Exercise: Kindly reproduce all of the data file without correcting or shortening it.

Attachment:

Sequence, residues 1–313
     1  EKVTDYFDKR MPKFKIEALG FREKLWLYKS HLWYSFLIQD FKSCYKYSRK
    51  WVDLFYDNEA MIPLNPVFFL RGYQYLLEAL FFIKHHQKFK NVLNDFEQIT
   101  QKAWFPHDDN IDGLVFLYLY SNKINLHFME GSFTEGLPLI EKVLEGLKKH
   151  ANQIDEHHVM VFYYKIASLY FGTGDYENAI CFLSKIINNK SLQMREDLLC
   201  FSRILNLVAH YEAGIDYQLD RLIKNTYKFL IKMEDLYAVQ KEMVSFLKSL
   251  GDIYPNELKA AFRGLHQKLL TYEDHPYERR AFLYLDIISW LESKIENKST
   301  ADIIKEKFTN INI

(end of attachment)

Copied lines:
Sequence, residues 1–313
     1  EKVTDYFDKR MPKFKIEALG FREKLWLYKS HLWYSFLIQD FKSCYKYSRK
    51  WVDLFYDNEA MIPLNPVFFL RGYQYLLEAL FFIKHHQKFK NVLNDFEQIT
   101  QKAWFPHDDN IDGLVFLYLY SNKINLHFME GSFTEGLPLI EKVLEGLKKH
   151  ANQIDEHHVM VFYYKIASLY FGTGDYENAI CFLSKIINNK SLQMREDLLC
   201  FSRILNLVAH YEAGIDYQLD RLIKNTYKFL IKMEDLYAVQ KEMVSFLKSL
   251  GDIYPNELKA AFRGLHQKLL TYEDHPYERR AFLYLDIISW LESKIENKST
   301  ADIIKEKFTN INI